Crystal Healing : Getting Back Into It

We have always been a very crystal orientated family – thank you Waldorf education – and have used them for healing (as well as home decor and tooth fairy offerings) since I was under double figures.

But, since moving to Sweden last year, I haven’t had contact with my crystals – mar a couple of clear quartz and rose quartz pieces that come with me everywhere – or my mother’s impressively vast collection. (My mother has been a practitioner of crystal healing for years.)

Being back in the family home for a little while has meant I’ve been able to have hand to crystal contact with my collection again…and my mother’s. I’ve also been mining her books on crystal healing, including the quite frankly fucking epic tome The Crystal Bible by Judy Hall.

I need help with a lot of shit, to be blunt, so I decided that instead of overwhelming myself I’d take it nice and easy and source the crystals that would help balance me, protect me, dissolve negativity and prevent negative energies from entering my aura. The past several months I’ve been that rabbit in the headlights, the rabbit you almost kill at stupid o’clock in the morning. You know the one. And I’ve needed, desperately needed some peace restored.  

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So I reached out for hematite and amethyst. The hematite to carry around with me, the amethyst (well, this particular one) to have in my room. I rummaged through my mother’s crystal boxes and when my fingers found the smooth hematite stone and gripped it, I felt a change in me.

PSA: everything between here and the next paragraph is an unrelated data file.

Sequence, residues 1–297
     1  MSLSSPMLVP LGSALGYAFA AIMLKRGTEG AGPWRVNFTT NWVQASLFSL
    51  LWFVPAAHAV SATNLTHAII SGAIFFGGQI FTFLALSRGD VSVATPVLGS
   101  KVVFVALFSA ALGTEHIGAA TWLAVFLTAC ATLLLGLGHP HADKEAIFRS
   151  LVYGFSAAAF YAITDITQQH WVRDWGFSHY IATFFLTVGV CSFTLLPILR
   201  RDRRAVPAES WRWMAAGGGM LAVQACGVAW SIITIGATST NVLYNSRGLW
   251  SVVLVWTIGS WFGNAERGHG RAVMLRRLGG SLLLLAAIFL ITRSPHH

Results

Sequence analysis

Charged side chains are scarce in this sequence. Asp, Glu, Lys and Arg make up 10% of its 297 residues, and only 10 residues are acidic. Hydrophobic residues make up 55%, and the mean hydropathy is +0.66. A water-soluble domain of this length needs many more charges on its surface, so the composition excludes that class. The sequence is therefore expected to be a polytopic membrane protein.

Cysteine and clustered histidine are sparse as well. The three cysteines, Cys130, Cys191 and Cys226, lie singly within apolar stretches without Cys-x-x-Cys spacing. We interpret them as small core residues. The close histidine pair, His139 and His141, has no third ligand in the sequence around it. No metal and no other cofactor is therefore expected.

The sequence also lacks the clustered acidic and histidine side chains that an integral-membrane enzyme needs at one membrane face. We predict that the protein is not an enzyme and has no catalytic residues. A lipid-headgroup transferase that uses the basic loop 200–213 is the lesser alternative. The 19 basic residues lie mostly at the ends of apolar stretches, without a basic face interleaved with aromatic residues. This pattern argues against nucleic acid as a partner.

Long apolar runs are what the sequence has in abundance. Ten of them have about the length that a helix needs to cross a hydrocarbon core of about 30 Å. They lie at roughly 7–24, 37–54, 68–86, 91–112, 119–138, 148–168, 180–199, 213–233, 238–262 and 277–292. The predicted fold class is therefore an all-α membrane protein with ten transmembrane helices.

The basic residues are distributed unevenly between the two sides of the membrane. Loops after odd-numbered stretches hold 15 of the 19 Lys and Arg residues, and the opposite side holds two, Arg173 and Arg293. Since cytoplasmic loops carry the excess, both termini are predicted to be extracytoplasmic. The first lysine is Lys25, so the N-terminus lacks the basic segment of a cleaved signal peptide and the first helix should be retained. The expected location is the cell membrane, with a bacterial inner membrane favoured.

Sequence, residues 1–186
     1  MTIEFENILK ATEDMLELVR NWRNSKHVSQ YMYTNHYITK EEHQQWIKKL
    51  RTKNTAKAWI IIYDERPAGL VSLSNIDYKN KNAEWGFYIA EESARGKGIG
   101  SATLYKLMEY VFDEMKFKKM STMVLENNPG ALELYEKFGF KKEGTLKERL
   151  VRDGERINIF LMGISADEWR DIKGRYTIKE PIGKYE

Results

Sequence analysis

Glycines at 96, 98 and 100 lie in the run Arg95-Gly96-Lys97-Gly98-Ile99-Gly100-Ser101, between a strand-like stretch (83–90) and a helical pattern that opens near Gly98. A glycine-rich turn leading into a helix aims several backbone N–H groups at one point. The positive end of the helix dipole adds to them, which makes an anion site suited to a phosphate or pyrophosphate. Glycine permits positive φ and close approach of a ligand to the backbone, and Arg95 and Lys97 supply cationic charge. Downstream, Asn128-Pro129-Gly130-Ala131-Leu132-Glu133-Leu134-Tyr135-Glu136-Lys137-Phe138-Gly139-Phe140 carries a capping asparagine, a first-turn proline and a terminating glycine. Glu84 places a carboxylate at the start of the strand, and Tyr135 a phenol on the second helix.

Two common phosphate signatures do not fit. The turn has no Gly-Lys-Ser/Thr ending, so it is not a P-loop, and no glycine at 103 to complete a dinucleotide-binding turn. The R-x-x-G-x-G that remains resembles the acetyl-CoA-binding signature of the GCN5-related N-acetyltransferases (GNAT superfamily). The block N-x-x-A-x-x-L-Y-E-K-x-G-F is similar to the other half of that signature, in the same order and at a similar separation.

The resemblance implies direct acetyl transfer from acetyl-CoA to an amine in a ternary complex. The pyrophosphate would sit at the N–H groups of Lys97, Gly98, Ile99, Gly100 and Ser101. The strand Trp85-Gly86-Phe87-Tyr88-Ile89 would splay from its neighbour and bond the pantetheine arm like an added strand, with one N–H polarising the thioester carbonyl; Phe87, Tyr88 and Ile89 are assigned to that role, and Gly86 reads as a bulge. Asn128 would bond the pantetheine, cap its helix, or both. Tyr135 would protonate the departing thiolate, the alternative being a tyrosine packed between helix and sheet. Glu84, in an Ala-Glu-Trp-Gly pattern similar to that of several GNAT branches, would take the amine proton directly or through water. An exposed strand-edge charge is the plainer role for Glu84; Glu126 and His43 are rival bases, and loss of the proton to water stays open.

Almost instantly I felt calmer, the internal chatter in my head paused. At that moment my Dad shouted me to go and look at a medallion his Dad had dug up half a century ago. I went to him, the hematite in my hand, and I listened to what he had to say. Midway through the conversation I noticed that I’d been able to give him my FULL attention. If only you knew how long it’s been since I’ve been able to do that for anyone…the internal chatter has always gripped onto 50% of my focus. And this was even before I’d had chance to cleanse it.

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Hematite has always been a good stone for me because, psychologically, it’s very strong. It’s a self-esteem booster and is excellent at helping to overcome compulsions. It’s also a winner mentally. My concentration and focus has been fucking awful recently, embarrassingly awful, so it’ll do me so much good to have some hematite around. I also have circulatory problems and, yep, you guessed it, it can aid me with that issue too.

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I’ve also felt a closeness to amethyst and feel that a room is somewhat barren without a beautiful chunk of it somewhere. This purple-lavender stone, while being one of the most common, is actually bloody powerful. It’s a natural tranquilizer and overcomes blockages of all kinds. I need it for it’s calming effect. It helps me to feel less all over the place and more focused and in control. My memory has been terrible of late, and thank fuck, it helps with memory too. As a bi-polar person, it’s an essential stone to have as it balances highs and lows and also helps promote emotional centering.

Both stone haven’t been cleansed as you see them now…it’s something I’ll do tonight – I’ll be using a breathing cleanse –  then tomorrow morning I’ll start using them proper.

 

Review : The Ghastling Book One

Now, where did I first see The Ghastling…I think it was over on Instagram but I can’t exactly be sure. All I know is that suddenly it was in my life, and I burnt my fingers typing in my bank account details to purchase the first book in the five book series. I had a feeling that it would give me the same satisfaction as Misty Annuals had done back in the early 90’s. I HAD TO HAVE IT. The Ghastling is one of those print publications where I find myself thinking ‘How the fuck did I only JUST NOW find out about this?’ It’s been on the scene of the weird since 2014 and I feel somewhat embarrassed that it’s taken until 2017 for it to come across my radar. But it’s here now, and that’s what really matters.